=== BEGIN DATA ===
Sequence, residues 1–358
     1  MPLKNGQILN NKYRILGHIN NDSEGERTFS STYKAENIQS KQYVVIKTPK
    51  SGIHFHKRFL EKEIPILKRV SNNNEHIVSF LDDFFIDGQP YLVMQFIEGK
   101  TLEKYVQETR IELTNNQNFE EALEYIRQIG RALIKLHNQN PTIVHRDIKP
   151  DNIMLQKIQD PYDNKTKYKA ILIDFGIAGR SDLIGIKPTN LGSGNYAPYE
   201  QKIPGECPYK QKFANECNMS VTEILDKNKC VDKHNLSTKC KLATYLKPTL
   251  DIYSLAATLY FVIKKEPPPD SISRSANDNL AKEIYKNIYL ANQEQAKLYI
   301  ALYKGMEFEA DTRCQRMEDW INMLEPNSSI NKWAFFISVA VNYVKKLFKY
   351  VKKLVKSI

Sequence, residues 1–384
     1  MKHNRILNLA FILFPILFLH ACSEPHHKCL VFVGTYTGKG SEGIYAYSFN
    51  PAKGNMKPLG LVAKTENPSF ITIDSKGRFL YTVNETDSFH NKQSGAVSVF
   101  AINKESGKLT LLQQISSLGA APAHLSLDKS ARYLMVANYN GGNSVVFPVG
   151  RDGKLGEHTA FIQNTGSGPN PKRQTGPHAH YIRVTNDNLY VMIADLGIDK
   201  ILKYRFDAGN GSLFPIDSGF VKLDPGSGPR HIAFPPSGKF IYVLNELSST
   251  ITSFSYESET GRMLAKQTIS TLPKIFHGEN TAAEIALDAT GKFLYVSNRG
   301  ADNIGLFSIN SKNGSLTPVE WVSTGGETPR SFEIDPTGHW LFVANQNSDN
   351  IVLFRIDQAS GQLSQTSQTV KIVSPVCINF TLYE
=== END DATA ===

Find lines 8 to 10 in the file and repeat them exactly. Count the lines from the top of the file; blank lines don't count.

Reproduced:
   301  ALYKGMEFEA DTRCQRMEDW INMLEPNSSI NKWAFFISVA VNYVKKLFKY
   351  VKKLVKSI

Sequence, residues 1–384